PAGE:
image file: c9ra01060b-f9.tif
Fig. 9 Electrical conductivity of the GN PLA and PEG-g-GN PLA composites as a function of the filler's content.

Conclusions

Herein, a novel PEG-g-GN was prepared, and the physical properties of its composites were characterised. MAH was used as a coupling agent for GN to obtain functional groups via Diels–Alder reaction, and then, PEG was reacted with the anhydride groups of the modified GN, which was confirmed by the FTIR spectra and TGA. SEM revealed the transformation of GN from smooth to tiny particles on the micro-surface after modification. The π–π conjugated structure of GN was partially destroyed after these reactions, as observed in the Raman spectra. Furthermore, PEG-g-GN had good hydrophilicity with the water contact angle at 47.825° because of the presence of oxygen-containing groups. Hence, PEG-g-GN not only possessed high conductivity but also had superb compatibility with PLA. The addition of PEG-g-GN and GN to PLA could also improve the physical properties of the composites, such as thermal stability, electrical conductivity and mechanical performance. The molecular chains of PEG can prevent the GN agglomeration and be used as a plasticiser agent for PLA to enhance the thermal stability, compatibility, conductivity and elongation at break of the composites. The tensile strength of the PEG-g-GN/PLA composites was maximised with the addition of PEG-g-GN at 1 wt%, which was higher than that of the GN/PLA composites with the same amount added. Furthermore, the conductive polymer composites can be suitable for many moulding methods including injection, extrusion and three-dimensional printing. These methods have various applications in the fields of biomedical supplies, battery and sensor.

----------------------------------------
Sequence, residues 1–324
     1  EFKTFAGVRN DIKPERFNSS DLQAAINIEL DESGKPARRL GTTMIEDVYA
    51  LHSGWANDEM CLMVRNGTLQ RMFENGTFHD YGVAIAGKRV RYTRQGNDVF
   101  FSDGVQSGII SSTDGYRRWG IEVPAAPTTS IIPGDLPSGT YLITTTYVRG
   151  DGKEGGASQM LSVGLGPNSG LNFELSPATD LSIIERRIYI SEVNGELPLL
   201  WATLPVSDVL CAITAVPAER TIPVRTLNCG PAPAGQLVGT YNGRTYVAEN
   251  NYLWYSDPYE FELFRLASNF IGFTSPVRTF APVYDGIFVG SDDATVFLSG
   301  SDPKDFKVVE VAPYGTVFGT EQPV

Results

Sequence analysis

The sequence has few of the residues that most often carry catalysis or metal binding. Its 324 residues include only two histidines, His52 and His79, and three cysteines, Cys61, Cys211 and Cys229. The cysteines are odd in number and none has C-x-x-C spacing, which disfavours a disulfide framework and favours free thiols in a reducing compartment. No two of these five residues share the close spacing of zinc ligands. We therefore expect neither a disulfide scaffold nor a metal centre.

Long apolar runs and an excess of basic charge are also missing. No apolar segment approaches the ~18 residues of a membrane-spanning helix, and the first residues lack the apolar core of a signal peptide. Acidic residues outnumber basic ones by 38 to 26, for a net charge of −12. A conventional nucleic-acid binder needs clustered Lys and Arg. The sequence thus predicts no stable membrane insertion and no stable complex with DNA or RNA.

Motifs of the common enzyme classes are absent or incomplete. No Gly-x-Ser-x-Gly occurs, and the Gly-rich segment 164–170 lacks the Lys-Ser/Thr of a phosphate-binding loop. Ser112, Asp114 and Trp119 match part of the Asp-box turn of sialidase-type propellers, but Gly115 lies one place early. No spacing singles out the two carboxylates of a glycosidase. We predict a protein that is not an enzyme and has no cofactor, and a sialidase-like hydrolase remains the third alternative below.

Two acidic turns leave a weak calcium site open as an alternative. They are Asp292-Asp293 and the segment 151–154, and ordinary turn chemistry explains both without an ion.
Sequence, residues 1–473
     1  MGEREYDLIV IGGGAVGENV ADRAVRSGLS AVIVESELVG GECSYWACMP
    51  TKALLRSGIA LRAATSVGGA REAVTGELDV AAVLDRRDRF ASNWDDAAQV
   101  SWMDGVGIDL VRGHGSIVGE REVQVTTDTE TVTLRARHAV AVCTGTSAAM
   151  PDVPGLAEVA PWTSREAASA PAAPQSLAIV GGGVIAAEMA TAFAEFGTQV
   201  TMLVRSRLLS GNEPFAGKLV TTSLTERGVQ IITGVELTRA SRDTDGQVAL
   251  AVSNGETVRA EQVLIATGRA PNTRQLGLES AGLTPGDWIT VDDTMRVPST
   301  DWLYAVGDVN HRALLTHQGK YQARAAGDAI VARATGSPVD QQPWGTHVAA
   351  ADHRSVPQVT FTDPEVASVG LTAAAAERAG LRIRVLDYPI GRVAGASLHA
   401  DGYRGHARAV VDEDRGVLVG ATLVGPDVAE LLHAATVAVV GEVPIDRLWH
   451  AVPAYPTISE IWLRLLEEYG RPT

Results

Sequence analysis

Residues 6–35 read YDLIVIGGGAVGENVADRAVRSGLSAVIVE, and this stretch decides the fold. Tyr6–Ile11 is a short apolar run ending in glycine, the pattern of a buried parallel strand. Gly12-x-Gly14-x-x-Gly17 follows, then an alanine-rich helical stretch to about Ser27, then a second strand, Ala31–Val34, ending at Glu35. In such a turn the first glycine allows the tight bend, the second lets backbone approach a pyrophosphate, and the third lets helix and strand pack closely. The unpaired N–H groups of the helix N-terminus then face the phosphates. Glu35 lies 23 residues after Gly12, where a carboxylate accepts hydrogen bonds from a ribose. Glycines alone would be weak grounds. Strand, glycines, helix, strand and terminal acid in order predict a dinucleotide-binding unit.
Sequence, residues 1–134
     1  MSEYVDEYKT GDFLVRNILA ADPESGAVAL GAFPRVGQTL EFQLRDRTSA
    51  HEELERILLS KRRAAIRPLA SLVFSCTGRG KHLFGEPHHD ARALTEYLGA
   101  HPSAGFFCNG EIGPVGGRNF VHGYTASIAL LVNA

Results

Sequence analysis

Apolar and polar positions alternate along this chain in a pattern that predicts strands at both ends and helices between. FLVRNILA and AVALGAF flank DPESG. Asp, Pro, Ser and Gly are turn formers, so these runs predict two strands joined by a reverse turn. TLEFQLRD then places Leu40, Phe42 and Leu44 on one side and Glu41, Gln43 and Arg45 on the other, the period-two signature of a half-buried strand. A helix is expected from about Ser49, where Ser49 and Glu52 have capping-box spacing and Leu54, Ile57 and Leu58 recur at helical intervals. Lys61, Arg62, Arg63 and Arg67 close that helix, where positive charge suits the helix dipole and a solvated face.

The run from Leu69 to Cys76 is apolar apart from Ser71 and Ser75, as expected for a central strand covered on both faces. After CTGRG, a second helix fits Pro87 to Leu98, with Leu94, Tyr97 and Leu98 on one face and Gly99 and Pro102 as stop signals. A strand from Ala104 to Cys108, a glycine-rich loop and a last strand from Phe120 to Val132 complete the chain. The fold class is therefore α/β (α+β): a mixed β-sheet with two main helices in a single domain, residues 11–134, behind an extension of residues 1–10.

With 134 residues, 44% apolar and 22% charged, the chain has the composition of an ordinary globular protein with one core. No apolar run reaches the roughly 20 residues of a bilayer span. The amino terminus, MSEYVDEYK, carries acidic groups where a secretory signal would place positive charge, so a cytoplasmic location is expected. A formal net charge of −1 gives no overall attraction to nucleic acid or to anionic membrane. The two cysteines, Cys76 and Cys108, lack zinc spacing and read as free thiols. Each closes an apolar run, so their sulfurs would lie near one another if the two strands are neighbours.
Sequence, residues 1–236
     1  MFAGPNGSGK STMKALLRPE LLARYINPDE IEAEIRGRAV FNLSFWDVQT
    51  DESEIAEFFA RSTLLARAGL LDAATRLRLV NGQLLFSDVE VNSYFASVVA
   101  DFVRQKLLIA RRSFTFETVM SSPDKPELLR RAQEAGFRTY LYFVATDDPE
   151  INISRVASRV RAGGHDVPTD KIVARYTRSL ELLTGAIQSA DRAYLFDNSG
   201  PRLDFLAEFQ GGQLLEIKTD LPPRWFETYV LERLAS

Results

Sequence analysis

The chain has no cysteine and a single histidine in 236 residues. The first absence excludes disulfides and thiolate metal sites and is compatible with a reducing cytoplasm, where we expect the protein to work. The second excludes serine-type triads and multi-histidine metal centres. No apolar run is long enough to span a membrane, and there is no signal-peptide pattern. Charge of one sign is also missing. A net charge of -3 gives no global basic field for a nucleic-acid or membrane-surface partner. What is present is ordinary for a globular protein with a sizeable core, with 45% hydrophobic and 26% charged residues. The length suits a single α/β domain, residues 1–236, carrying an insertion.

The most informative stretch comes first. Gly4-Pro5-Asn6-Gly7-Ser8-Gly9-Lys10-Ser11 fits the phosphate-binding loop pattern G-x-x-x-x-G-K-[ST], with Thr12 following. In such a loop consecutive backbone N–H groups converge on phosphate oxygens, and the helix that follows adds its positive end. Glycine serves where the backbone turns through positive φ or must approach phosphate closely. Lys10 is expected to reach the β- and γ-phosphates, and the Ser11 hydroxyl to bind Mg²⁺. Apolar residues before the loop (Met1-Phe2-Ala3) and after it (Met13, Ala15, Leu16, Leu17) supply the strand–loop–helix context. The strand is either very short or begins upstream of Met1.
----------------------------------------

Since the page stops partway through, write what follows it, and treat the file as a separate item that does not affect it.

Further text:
Conflicts of interest

There is no conflict of interest in the submission of this manuscript, and the manuscript is approved by all authors for publication.

Acknowledgements

This work was financed from the Science and Technology programme in Hunan province, Project No. 858229088. The authors thank Enago (http://www.Enago.cn) for the English language review.